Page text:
Aminoglycoside resistance genes represented more than 50% of the wild ape gut resistomes (Fig. 3b). Aminoglycosides are produced naturally in the environment by several soil bacteria and inhibit protein synthesis by binding to the ribosome [59]. Wild ape microbiomes may acquire these aminoglycoside resistance genes either through selection caused by exposure to naturally produced antibiotics or horizontal gene transfer (HGT) from resistant environmental bacteria. The specific aminoglycoside resistance genes we found enriched in wild apes were identified as AAC(3)-VIIa, an acetyltransferase that inactivates aminoglycosides [59], and FmrO ribosomal RNA methyltransferases [60] that were identified from our functional selections. Ribosomal methyltransferases provide aminoglycoside resistance by methylation of the ribosome that prevents aminoglycoside binding and thus resistance [61]. The overall abundance and richness of ARGs in wild apes was extremely low compared with humans and captive apes (Fig. 3c, d). In general, wild apes are rarely treated with antibiotics [62], so ARG abundance in wild apes may provide insight to sources of antibiotic selection in their environment or diet. For captive apes and humans, tetracycline resistance genes were the most abundant with beta-lactams also making up a large proportion of the resistome (Fig. 3b). Tetracyclines and beta-lactams are both broad-spectrum antibiotics and are popular first-line antibiotics in human infectious disease treatment [63]. Tetracycline resistance in the human and captive ape cohorts was conferred predominantly by six different ribosomal protection genes identified through tetracycline functional selections and beta-lactam resistance was dominated by high recovery of CfxA4, a beta-lactamase. Captive apes had up to ~34-fold higher abundance and up to ~5-fold higher richness of all ARGs compared with wild apes (Fig. 3c, d). The most parsimonious explanation for the higher observed burden of ARGs in captive apes compared with wild apes is the higher selection pressure from antibiotic treatment of the captive apes. We had limited access to antibiotic treatment records for captive apes but the records we have indicate that each captive ape receives on average 1.7 antibiotic treatments per year, providing ample selection for ARGs. Increased ARG abundance in captive apes is more worrisome because it may lead to antibiotic resistant infections that cannot be treated in these endangered apes [64]. Congolese human microbiomes had the highest abundance and richness of ARGs with ~3-fold higher abundance and ~2-fold higher richness compared with the next highest cohort (Fig. 3c, d).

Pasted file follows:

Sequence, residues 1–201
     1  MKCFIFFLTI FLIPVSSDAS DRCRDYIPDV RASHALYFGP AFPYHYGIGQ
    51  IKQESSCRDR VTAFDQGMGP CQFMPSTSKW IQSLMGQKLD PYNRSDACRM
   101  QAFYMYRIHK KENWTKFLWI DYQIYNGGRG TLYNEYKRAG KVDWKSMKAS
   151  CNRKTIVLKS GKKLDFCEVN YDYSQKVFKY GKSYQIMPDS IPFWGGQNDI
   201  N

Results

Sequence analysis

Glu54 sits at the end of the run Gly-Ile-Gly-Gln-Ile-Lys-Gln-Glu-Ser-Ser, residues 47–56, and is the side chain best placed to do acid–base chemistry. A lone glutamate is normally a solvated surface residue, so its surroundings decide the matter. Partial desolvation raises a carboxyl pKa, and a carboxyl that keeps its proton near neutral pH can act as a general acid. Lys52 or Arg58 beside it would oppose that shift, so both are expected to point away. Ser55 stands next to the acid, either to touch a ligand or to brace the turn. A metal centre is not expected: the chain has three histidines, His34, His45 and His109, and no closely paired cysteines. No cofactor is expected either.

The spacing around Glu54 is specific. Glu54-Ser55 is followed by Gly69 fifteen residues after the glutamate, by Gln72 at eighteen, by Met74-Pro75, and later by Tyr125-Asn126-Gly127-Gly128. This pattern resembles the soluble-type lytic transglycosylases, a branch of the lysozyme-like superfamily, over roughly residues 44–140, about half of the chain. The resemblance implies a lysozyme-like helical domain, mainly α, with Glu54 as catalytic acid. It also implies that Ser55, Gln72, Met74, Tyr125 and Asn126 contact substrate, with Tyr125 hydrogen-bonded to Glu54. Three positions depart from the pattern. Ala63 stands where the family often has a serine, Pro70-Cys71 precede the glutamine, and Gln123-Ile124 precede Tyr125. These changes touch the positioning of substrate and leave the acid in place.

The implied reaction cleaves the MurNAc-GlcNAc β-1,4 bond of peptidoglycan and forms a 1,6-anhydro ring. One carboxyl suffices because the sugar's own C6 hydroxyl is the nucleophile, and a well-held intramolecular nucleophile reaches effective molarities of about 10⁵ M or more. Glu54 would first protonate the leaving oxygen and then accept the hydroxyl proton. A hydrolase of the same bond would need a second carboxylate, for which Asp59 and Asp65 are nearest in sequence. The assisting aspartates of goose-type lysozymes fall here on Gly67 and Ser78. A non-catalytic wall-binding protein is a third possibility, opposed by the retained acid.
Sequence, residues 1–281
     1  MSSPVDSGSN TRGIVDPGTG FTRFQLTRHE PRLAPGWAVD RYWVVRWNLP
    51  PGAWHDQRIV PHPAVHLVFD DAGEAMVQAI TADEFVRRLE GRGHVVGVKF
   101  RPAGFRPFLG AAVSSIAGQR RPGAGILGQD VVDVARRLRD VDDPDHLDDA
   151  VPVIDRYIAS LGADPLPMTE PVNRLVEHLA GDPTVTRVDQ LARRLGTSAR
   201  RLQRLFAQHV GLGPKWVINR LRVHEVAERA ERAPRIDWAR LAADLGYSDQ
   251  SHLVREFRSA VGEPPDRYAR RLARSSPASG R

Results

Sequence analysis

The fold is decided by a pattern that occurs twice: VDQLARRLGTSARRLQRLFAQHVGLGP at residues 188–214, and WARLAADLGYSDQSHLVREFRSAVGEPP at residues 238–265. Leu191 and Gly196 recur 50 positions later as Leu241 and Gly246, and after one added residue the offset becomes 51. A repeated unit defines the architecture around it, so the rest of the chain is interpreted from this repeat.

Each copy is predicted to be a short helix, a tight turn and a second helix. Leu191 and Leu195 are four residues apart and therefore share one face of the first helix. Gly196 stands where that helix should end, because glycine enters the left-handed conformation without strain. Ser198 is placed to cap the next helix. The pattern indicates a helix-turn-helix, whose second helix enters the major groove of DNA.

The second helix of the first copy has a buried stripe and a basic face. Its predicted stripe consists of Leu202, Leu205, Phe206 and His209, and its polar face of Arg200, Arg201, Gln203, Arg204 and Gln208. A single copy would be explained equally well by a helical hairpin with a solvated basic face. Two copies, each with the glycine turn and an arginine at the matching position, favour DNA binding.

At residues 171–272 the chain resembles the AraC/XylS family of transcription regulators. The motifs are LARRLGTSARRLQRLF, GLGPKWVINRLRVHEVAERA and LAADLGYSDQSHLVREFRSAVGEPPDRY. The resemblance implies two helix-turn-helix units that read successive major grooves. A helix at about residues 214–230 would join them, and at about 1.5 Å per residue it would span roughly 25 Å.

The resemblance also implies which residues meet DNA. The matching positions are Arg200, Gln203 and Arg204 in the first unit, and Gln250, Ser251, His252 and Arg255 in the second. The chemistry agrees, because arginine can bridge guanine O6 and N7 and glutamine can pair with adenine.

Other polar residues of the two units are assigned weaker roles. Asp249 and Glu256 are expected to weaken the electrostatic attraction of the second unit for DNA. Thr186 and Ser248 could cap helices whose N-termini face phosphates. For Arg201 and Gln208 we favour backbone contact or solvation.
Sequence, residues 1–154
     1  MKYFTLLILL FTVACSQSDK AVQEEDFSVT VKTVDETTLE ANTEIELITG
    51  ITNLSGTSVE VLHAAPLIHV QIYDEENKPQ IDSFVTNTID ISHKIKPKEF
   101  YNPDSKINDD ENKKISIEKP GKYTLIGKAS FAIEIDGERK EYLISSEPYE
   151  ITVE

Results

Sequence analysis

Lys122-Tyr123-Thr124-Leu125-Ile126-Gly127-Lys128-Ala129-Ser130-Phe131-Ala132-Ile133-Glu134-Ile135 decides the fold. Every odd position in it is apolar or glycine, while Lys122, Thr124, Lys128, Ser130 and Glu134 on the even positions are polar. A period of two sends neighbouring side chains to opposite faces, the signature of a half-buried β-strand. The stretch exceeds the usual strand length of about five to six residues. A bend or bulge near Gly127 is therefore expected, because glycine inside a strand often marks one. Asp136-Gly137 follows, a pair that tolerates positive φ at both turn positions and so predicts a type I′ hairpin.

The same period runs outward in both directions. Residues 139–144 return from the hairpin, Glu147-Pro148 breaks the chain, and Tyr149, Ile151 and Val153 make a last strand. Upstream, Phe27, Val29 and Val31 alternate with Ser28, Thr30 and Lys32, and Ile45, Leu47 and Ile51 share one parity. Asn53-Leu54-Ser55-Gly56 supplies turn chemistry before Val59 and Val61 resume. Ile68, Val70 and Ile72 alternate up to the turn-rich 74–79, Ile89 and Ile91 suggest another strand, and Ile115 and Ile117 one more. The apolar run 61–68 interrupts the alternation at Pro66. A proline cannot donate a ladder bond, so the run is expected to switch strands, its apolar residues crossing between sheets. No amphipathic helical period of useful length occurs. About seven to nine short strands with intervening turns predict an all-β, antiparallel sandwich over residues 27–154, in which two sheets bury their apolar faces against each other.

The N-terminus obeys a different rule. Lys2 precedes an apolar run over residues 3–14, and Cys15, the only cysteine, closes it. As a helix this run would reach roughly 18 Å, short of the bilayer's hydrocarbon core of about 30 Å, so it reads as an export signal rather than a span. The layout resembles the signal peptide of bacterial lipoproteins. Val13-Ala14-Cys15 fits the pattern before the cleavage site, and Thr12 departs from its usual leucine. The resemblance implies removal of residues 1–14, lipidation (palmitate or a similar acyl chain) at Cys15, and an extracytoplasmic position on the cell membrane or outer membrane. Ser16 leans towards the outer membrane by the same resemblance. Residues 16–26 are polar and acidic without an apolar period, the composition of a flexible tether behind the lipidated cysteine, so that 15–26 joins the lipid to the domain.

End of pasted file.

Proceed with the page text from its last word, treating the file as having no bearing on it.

Functional metagenomic selections identified novel antibiotic resistance genes